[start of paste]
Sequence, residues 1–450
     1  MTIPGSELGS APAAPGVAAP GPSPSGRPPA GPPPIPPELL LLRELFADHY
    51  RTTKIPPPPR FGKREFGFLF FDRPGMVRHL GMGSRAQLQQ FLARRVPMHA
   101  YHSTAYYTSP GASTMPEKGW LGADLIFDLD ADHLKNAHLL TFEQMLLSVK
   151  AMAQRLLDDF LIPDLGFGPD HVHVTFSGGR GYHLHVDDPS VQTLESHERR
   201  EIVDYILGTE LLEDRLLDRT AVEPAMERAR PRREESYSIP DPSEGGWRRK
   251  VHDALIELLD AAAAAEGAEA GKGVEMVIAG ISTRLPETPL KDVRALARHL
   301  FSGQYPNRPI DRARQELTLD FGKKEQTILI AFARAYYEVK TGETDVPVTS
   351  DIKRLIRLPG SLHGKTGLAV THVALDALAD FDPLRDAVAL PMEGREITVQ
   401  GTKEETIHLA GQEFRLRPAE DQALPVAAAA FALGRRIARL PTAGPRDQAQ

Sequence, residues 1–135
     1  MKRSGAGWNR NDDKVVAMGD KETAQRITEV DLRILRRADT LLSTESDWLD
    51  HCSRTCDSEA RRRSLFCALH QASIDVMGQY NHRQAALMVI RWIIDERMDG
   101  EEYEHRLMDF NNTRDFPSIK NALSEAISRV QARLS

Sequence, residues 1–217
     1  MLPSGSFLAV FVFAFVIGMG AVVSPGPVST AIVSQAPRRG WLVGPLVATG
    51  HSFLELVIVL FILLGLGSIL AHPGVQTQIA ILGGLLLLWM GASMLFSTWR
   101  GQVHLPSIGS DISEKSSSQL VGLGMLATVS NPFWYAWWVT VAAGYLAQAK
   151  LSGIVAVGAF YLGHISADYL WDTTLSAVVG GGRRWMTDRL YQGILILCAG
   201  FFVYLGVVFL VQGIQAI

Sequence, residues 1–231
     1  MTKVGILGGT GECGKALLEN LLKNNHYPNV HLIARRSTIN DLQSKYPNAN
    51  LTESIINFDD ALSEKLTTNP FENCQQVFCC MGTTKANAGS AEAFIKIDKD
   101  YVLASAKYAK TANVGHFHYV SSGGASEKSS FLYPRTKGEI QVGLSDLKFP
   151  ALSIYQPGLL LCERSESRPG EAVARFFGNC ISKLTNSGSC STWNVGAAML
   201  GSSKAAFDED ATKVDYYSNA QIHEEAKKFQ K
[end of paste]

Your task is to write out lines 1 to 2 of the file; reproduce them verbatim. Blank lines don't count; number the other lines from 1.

Sequence, residues 1–450
     1  MTIPGSELGS APAAPGVAAP GPSPSGRPPA GPPPIPPELL LLRELFADHY